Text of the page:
The Herald of Everett, Washington
HeraldNet on Facebook HeraldNet on Twitter HeraldNet RSS feeds HeraldNet Pinterest HeraldNet Google Plus HeraldNet Youtube
HeraldNet Newsletters  Newsletters: Sign up | Manage  Green editions icon Green editions

Calendar


Weekend to-do list
HeraldNet Newsletter Delivered to your inbox each week.
Published: Friday, October 11, 2013, 12:01 a.m.

Hanks takes total control as 'Captain Phillips'

  • Tom Hanks (center) plays the title role in "Captain Phillips."

    Sony -- columbia pictures

    Tom Hanks (center) plays the title role in "Captain Phillips."

Tom Hanks is no superhero. Therefore this most human of movie stars is just right for the title role in "Captain Phillips," a movie that consistently rejects the idea of an indestructible superman in control.
The film is drawn from the 2009 hijacking of the Maersk Alabama cargo ship, which was seized by Somali pirates while sailing around the Horn of Africa. Rich Phillips, the captain, was taken hostage when the pirates escaped in a lifeboat; except for a brief prologue with Phillips at home, the film basically covers the pirate drama.
In most ways, "Captain Phillips" is a tight-wound suspense picture, but it rejects easy hero-vs.-villain button-pushing. Some of that comes from the documentary-like style of director Paul Greengrass, whose main gift is to plunk you into the middle of a crisis as though it's actually happening at that moment.
Greengrass directed "United 93" and the latter two "Bourne" spy movies, and you will recognize his jittery style (the guy is allergic to tripods).
He and screenwriter Billy Ray worked from Capt. Phillips' book about the incident, "A Captain's Duty," although some liberties have been taken.
The potential for throat-clutching anxiety is obvious, and there's plenty of that here. But it's an interesting movie in more ways than that. The sheer weirdness of 21st-century piracy -- this big modern cargo ship overtaken by four guys with guns -- is part of the fascination.
There's something almost surreal about the captain looking out from his clean, state-of-the-art bridge and seeing tiny specks pop up on the radar. How do those specks translate into the anachronistic idea of pirates?
Even more intriguingly, without getting bleeding-heart about it, Greengrass makes you curious about the Somali pirates. They're thugs, but also desperate men motivated by a variety of causes. Their leader is played by Barkhad Abdi, a Somalia native who moved to Minnesota after winning an immigration lottery.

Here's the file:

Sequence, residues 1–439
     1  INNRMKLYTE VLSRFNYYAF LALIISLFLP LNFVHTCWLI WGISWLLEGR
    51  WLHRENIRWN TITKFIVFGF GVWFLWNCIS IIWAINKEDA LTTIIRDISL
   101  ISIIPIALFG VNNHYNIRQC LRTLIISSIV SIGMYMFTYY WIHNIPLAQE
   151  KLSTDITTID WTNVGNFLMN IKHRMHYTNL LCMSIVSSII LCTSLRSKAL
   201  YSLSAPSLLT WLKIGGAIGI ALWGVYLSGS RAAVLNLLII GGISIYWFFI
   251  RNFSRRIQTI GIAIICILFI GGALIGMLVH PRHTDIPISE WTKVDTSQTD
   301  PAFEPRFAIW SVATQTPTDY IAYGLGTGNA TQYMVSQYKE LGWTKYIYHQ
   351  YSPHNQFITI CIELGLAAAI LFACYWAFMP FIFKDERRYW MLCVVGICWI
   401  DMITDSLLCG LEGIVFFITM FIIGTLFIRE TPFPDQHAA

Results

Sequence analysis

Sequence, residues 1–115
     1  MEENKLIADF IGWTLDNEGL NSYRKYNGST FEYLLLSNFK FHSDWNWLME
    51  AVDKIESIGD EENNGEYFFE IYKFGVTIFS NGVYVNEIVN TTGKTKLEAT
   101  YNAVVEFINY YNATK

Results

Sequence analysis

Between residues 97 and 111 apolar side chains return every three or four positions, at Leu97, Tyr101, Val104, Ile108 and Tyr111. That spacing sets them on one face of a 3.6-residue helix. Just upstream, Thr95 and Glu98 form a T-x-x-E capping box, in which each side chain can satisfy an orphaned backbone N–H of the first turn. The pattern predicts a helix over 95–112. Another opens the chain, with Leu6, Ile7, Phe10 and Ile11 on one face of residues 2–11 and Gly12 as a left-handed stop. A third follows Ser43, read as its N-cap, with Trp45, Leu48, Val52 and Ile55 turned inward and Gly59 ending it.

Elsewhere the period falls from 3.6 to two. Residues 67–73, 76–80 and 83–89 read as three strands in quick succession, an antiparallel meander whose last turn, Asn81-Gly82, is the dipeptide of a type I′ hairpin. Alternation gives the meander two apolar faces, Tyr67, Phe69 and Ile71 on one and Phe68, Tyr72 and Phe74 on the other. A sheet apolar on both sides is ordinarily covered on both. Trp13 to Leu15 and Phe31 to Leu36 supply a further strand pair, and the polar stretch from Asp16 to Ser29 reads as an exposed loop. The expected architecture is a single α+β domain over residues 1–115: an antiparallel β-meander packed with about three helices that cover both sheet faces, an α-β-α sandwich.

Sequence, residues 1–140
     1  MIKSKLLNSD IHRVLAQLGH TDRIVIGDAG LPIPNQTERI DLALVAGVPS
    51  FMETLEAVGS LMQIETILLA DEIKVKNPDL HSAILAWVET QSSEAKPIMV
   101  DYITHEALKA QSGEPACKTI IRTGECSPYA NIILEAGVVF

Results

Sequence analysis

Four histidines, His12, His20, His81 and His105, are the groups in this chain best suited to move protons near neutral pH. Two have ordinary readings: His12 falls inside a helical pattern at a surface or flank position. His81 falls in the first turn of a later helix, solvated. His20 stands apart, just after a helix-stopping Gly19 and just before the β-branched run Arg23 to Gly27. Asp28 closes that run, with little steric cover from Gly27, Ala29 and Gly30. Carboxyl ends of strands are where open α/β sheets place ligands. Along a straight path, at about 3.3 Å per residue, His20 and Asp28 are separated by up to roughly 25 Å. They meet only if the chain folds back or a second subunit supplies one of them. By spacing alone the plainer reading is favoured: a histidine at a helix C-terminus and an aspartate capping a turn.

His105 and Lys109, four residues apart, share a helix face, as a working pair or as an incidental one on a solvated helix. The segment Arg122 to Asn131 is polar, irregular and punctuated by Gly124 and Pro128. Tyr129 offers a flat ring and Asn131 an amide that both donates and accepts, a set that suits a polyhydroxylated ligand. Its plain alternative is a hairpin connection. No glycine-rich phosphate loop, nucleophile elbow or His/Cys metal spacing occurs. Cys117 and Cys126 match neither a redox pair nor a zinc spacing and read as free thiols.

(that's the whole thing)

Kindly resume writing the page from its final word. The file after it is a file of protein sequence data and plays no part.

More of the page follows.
Tom Hanks is key to making this more than a Sylvester Stallone slaughter-the-bad-guys exercise. Because he's our Everyman, we see in his face how anger, fear and comprehension vie for the upper hand during his grueling experience.
As though to squash any sense of triumphalism, the film offers an extraordinary final sequence that conveys how shattering an experience like this might be even if one survives it. And here Tom Hanks excels--and by implication, proves how phony the idea of the superhero really is.
"Captain Phillips" (three and a half stars)
Tom Hanks excels in this account of the 2009 Maersk Alabama hijacking, when Somali pirates got the upper hand over a U.S. cargo ship off the Horn of Africa. Director Paul Greengrass makes this a gripping suspense picture, and he and Hanks make sure the captain is no superhero.
Rated: PG-13 for violence, language.
Showing: Alderwood Mall, Edmonds, Everett Stadium, Galaxy Monroe, Marysville, Stanwood, Guild 45th, Meridian, Thornton Place, Oak Harbor.
Story tags » Movies

Share your comments: Log in using your HeraldNet account or your Facebook, Twitter or Disqus profile. Comments that violate the rules are subject to removal. Please see our terms of use. Please note that you must verify your email address for your comments to appear.

You are logged in using your HeraldNet ID. Click here to update your profile. | Log out.

Our new comment system is not supported in IE 7. Please upgrade your browser here.

comments powered by Disqus

HeraldNet highlights

Nothing but corn
Nothing but corn: Everett Mall business grew from a kernel of an idea
History at every turn
History at every turn: Website finds stories behind county's historic corners
Cold-weather playtime
Cold-weather playtime: Beyond skis & snowboards: 11 ways to have fun in winter
The real bottom line
The real bottom line: Millions spent in Oso, but generosity can't be measured
SnoCoSocial